This student presumably does well in her sport and her sport is a very competitive one in Korea.  If she had made it to the Olympics, she could have used that name-recognition to find work afterwards.  As she has not qualified for the Olympics, she is merely strong in her field but weak in background sports theory.

It reminded me of a student from a previous university who was permitted to skip my classes for most of the semester but somehow lost her protected status and suddenly needed to catch up on homework and prepare for an exam.  The outcome was not a good one for her.

Encouraging creativity in your students

May 31, 2012

I recently gave a talk at the 2012 KOTESOL National Conference entitled “Creativity in the classroom”.  My presentation slides are here and Jeff leBow at Koreabridge recorded the talk.

I think I gave an excellent 80 minute speech: it is a shame I gave it in 50 minutes.  Indeed, my voice is high-pitched enough you might think I just spoke that much faster.


What obscene acts is this man doing to keep his job as a journalist?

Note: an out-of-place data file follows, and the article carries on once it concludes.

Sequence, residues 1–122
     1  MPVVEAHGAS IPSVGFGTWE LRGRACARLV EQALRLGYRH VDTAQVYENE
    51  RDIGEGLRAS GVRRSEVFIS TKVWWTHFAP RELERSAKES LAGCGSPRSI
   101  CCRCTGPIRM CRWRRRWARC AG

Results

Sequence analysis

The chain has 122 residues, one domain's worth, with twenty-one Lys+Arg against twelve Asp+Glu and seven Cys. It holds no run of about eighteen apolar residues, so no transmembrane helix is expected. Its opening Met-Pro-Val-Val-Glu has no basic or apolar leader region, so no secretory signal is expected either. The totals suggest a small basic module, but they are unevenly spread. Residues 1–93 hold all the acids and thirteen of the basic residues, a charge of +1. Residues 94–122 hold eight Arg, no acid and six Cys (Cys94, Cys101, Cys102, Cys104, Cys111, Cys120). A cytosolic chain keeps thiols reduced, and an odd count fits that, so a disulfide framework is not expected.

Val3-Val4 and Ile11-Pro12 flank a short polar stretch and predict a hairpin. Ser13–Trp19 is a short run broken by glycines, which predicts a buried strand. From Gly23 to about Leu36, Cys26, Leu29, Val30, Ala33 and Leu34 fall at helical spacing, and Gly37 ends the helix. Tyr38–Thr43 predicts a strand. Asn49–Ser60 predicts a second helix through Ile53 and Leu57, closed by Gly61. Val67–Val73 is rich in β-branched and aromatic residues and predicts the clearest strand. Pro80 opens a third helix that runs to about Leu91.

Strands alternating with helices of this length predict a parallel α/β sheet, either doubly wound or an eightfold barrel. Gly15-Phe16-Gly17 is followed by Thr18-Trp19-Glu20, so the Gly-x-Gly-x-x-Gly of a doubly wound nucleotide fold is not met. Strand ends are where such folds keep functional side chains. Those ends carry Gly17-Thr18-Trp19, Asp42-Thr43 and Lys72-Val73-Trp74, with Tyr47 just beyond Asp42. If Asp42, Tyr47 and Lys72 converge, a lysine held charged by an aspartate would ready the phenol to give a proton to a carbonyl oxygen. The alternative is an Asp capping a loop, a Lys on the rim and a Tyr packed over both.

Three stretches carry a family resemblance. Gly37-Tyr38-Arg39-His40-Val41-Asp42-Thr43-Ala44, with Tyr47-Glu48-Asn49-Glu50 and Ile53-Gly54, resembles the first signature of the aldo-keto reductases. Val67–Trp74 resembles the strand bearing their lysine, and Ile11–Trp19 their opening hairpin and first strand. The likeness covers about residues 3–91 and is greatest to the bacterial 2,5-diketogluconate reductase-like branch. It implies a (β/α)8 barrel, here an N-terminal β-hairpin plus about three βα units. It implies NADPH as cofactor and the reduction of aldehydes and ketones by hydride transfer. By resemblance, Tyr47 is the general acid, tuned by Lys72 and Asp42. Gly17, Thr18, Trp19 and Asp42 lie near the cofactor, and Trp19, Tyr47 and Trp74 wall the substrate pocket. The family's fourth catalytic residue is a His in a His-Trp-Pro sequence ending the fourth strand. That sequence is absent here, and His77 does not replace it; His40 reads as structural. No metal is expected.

April 4, 2012

Jake Nho has an article up at the Korea Times and it is a doozy, even for the Times.

Here is part of his bio: He has written numerous articles on various environmental issues for over 20 years.

It appears the article is one of a series (currently up to 16) on “Earth in Danger”.  Now I see I need to read more of these articles – for entertainment value if nothing else.

Now, lets look at a few excerpts from the article with my commentary added.  I have quoted Nho in Orange and my research in blue.  I hope it is not too garish and felt the variety of color would better differentiate the different voices.

His article is titled: “Does the Earth really need our protection?” and he starts by discussing the alarm over damage to the ozone layer:

It sounded as if everyone was going to die of skin cancer because the ozone layer was no longer going to be there to protect us. Do we talk about the ozone layer now? Did a majority of the Earth’s population get skin cancer? Not by a long shot.